We finally devised an approach observing the bile duct in patients who were about to have cancer operations in which some of their normal bile duct would be removed. Rather than process the sampled bile duct tissue as usual, with dehydration and chemical (formaldehyde) fixation to make slides, we quickly froze the tissue, keeping the resected piece as close to the normal living tissue as possible.
Then we saw the unexpected. The middle layer of the bile duct — long thought to be densely compacted connective tissue, a wall of dense collagen — was actually an open, fluid-filled space supported by a lattice made of thick collagen bundles.
After recognizing this surprise in the bile duct, I quickly realized that every dense connective tissue layer of the body — the linings of all the visceral organs, the dermis (second layer of the skin), all the fascia between and around muscles, all the connective tissue around every blood vessel (arteries and veins of every size) — were like this | open, fluid-filled spaces supported by a collagen-bundle lattice.
EL | Why wasn’t the interstitium identified before now?
NT | Standard processing of tissue for making slides usually involves dehydration. Just taking a bit of tissue from this space allows the fluid in the space to drain and the supporting collagen bundles to collapse like the floors of a collapsing building.
We would often see little “cracks” between collagen bundles in these layers. I was taught, and in turn taught many of my trainees, that these cracks were artifacts of processing: We had pulled the tissue too hard in preparing the slide and separations had formed. But these were not artifacts: These were the remnants of the collapsed spaces. They had been there all the time. But it was only when we could look at living tissue that we could see the real, not the artifact.
EL | Where was lymph thought to have come from previously?
NT | From between cells and the “third space,” whatever that was.
EL | What impact could a better understanding of the interstitium have on medicine?
NT | One can’t understand the mechanical properties of any tissue without understanding the lubricating and shock-absorber potential of the interstitium. These line or surround parts of the body that move: skin and muscles as you move your body, peristalsis as food moves from top to bottom through your GI tract, the expansion and contraction of your lungs with breathing, the squeezing of the bladder during urination, the pulsing of arteries and veins. We’ve never asked, “How do dense connective tissue layers survive such continual stress without tearing or rupturing?” Now we know: They are not dense connective tissue, they are distendable and compressible fluid-filled spaces.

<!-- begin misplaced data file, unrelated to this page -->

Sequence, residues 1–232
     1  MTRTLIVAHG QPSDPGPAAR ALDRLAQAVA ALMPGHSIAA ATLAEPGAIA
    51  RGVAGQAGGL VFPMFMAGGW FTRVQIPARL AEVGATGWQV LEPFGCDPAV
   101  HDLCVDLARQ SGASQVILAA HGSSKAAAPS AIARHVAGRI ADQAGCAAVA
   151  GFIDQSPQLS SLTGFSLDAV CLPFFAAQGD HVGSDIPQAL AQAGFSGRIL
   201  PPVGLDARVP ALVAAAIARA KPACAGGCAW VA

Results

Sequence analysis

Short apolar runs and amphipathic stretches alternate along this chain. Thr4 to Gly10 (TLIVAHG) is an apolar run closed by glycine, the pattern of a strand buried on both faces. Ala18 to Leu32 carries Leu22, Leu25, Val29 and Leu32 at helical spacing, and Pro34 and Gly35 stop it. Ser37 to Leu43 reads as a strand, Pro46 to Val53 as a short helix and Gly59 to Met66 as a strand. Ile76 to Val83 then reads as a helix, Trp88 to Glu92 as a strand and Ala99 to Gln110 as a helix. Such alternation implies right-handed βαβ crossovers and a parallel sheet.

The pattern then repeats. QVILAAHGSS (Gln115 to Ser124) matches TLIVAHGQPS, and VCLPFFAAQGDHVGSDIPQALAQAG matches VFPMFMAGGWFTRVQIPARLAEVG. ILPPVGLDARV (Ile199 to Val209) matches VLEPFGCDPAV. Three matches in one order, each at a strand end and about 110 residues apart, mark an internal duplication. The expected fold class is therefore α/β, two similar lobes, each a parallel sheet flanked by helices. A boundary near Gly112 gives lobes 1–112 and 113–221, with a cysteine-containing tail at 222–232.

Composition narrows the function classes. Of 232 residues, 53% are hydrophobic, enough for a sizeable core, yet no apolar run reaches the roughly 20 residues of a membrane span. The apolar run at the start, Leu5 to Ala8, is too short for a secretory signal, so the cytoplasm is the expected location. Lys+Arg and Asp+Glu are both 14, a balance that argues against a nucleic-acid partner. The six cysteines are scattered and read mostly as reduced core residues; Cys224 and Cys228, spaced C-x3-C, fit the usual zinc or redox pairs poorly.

We have known for decades that invasion of cancer into these layers is the moment cancer is at risk for spreading outside the organ, particularly to lymph nodes. Why would invasion into a dense wall of collagen potentiate that? Because that isn’t the anatomy. The space is a fluid-filled highway, often under pressure, that flows directly into the lymphatics and, thus, to the lymph nodes. Tumor metastasis is dependent on this space and its qualities.
Macrophages, the cleanup crew of white blood cells, traffic in this space. When one gets a tattoo, this is the layer in which the pigment deposits and is consumed by these cells. When some of the cells move from here they always wind up in the lymph nodes, like the tumor cells. But unlike the tumor cells, they are performing a normal immune function. Inflammatory cells of all kinds are likely to travel through this space during injury or disease; in direct connection to the lymphatics, they probably play an important role in inflammation.
There is a novel cell type in the organ as well: cells that mix features of the fibroblasts that make collagen (and scar) and endothelial cells that line vessels. But this hybrid combination seems unique to the interstitium. There are several lines of investigation that suggest they may be a long-sought but not-yet-identified source of scar in diseases where fibrosis plays a dominant role (e.g., idiopathic pulmonary fibrosis, scleroderma). These same cells also share features of mesenchymal stem cell, an adult stem cell that can be isolated from nearly all tissues, but whose location in most tissues has remained a mystery.
EL | What qualities makes the interstitium — or any organ, for that matter — an organ?